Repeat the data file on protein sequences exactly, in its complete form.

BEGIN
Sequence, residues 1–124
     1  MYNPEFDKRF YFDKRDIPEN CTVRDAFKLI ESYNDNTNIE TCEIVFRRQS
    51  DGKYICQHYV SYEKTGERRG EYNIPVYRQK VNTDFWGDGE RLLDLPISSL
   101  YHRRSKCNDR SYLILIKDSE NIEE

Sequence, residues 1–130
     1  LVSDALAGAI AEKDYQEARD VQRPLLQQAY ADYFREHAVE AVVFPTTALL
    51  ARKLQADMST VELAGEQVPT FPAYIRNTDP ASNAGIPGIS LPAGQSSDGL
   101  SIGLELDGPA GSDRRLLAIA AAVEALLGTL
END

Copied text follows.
Sequence, residues 1–124
     1  MYNPEFDKRF YFDKRDIPEN CTVRDAFKLI ESYNDNTNIE TCEIVFRRQS
    51  DGKYICQHYV SYEKTGERRG EYNIPVYRQK VNTDFWGDGE RLLDLPISSL
   101  YHRRSKCNDR SYLILIKDSE NIEE

Sequence, residues 1–130
     1  LVSDALAGAI AEKDYQEARD VQRPLLQQAY ADYFREHAVE AVVFPTTALL
    51  ARKLQADMST VELAGEQVPT FPAYIRNTDP ASNAGIPGIS LPAGQSSDGL
   101  SIGLELDGPA GSDRRLLAIA AAVEALLGTL